Kyle, his brother, dangerously shot. c
In the 10th ward, the Reformers resisted witb fi
,ot fire-arms, and one of the notorious rowdy leaders
was killed and two others wounded. Two a
Reformers were wounded. s
lr" In the lGth ward, the Reformers wero driven u
In ihe 18th ward, the rowdies were in full pes- 0
session, nod one of tlie Refoimers was severely
j In the 5th ward, the Reformers were driven
ofF early. A son of Joshua Vausant wassevere*
'er ly beaten, Shots were fired, but with harmless
c), In the 1st, 2d and 4th wards rowdies had the
vo voting all to themselves.
In the 12ili w-ird, the rowdies liad a swivel,
ed and drovo off all the Reformer*. In this and
be the 15lli ward, gangs of rowdies from Washing*
ey ton, aided those of this city. In Ihe lust named
I ward a boy was mortally shot in the breast.
' These are only a portion of the incidents. In
'Id most of the ward", the reformers wero assaulted,
:n- beaten and maltreated.
Ia the 11th ward, a stronghold of the Reformers,
Gen. McGill, a prominent Reformer mude
a speech and announced the withdrawal of Mr.
0f John II. Thomas, Reform candidate for State
Attorney. The Reformers then oil withdrew,
,H8 finding it impossible to accomplish anything,
he Wm. 1\ Preston, Democratic candidate for
he Congress in the 8d district, is now lying at Barlto
num's Hotel, having been badly beaten with a
billy about the head. The a?3ault is said to have
occurred iu the 7tli ward.
jie Baltimore, Nov. 2.?9$ o'clock, P. II.?At 3
o'cWk, Dr. Robinson, of the Central Reform
Committee, came to the 12th ward poll, and anoy
nounced that the Reformers wero being driven
irom every ward except that and the 8tli, and
counselled those there to withdraw, to avoid further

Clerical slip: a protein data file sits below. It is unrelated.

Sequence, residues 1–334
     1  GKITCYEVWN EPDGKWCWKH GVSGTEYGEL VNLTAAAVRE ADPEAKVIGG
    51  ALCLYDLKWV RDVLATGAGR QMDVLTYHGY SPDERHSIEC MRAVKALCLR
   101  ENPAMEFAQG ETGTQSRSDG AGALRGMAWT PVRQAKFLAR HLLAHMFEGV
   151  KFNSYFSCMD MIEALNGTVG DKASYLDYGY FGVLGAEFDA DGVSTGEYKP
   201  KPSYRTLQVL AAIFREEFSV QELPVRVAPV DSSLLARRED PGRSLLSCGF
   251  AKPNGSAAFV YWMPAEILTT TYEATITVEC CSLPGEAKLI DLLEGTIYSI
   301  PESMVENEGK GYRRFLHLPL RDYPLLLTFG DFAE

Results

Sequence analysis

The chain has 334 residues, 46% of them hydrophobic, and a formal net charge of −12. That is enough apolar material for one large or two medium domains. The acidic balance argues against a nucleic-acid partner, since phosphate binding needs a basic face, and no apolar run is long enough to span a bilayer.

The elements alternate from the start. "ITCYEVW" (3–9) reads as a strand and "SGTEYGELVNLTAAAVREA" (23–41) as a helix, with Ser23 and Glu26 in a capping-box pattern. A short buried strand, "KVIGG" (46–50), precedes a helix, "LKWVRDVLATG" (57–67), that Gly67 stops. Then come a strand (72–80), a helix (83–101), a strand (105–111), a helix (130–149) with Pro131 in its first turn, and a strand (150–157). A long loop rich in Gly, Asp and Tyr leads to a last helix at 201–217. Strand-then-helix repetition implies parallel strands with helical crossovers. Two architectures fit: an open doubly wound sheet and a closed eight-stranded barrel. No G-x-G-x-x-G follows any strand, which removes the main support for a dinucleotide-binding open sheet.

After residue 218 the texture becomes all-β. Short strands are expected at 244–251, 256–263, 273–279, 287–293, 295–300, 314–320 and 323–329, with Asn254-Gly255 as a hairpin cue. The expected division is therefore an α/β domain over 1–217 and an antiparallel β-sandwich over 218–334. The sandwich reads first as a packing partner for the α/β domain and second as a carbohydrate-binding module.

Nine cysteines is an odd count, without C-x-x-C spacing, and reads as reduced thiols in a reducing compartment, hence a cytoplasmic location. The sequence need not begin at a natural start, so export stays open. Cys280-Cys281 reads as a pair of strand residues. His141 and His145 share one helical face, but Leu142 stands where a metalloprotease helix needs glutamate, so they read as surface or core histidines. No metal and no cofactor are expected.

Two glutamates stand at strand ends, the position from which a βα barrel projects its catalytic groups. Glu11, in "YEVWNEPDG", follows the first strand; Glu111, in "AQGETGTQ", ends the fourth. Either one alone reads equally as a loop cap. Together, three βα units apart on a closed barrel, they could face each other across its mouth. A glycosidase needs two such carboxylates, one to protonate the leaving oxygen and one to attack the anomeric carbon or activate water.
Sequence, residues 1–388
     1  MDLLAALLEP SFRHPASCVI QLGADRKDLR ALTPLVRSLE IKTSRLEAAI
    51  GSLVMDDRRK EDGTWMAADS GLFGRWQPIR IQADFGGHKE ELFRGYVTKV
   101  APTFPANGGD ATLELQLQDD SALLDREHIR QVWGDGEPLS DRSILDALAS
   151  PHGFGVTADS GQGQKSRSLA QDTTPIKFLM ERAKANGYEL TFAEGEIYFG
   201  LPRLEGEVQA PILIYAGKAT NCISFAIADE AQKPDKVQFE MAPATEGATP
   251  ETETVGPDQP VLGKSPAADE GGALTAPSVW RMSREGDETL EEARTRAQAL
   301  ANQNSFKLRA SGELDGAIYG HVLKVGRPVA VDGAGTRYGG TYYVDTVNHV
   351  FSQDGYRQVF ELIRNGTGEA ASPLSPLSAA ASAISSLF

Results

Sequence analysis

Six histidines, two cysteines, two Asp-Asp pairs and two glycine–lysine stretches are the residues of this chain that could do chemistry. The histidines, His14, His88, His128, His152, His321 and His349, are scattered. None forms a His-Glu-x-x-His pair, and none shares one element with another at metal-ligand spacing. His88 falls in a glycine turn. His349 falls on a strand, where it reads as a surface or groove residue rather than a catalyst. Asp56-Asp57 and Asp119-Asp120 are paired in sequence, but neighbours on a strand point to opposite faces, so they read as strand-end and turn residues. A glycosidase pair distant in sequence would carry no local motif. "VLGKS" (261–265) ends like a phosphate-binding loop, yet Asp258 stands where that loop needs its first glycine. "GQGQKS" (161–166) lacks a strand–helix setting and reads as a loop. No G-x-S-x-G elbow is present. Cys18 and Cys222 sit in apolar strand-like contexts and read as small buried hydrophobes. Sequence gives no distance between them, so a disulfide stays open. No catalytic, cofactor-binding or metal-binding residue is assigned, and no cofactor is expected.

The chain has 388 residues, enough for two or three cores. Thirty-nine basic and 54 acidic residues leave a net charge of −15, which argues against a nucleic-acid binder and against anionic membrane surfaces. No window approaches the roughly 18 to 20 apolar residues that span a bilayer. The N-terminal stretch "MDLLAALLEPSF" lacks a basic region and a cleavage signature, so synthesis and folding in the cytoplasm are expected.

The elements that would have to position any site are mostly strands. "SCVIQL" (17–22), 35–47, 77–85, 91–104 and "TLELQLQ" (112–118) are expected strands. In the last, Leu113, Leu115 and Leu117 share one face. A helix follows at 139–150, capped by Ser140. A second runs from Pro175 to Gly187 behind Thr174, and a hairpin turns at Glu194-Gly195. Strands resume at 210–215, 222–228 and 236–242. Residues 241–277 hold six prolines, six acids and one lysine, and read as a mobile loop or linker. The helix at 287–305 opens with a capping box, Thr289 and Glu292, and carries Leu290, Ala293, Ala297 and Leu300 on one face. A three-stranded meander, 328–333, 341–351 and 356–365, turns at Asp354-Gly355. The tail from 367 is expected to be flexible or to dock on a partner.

bloodshed; whereupon. Dr. Tlfomas, He- i
n9 form Judge of election, retired, and the content f
was abandoned. Previously, the Reformers ^
18 throughout the city withdrew, leaving the polls 1
18- in the hands of the rowdies.
>Jl Numerous report* of minor outrages on private |
e right* of citizens are in circulation in the several (
188 Iu the 2*1 wnrd. a German was shot in the hip.
he In the fitli, a man whose name is unknown, was j
ed dreadfully beaten. ,
0f The most reliable account is, that Win, P. ?
Preston, candidate for Congress, was assaulted at r
ri Govanstown, in Raltimore county. One ucouut .
er says he was beaton by an Irishman. There are
re- so many report* that it is difficult to arrive at
(Ul the truth.
Mr. Kyle was shot in the head. lie was liv- J
y* ing an hour since, but in a helpless condition, j
oh the bull is burried in his brain.
The rtreets are nearly deserted to>night, ex- '
cept by the victorious party. All the stores were 1
on closed at dark.
od The proprietor of the Daily Exchange having J
uf been threatened with assault on his office, made .
a demand on the city authorities for protection. t
[third dispatch. 1 r
iat L J
Bai.timork, Nov. 2.?11 o'cloek, P. M.?The 1
Americans are rejoicing over their victory. 0
ne The Reformer* deny that anything like an c
ier election has taken place. v
All the offices being on the same ticket, it will H
be late before returns are received. fl
In the 17th ward, the average American vote 1
_ is 860 ; the highest Reform vote is 24.
vil Mr. Kyle died at 9 o'clock to night.
iat '??>. ? f
ily The Barque I^aureni?Six Hundred Slave* t
n. Landed in Cuba.?The New Iluven Palladium j
of last evening says:
Qf We learu that it i? stated on good authority, ^
in New London that the barune Laurens, whose 1
.u VI urllljj IllCHUeU IIS |? BlttVer |
'or our reader* will remember, has lauded a cargo .
lie of about GOO slaves on the Island of Cuba. The t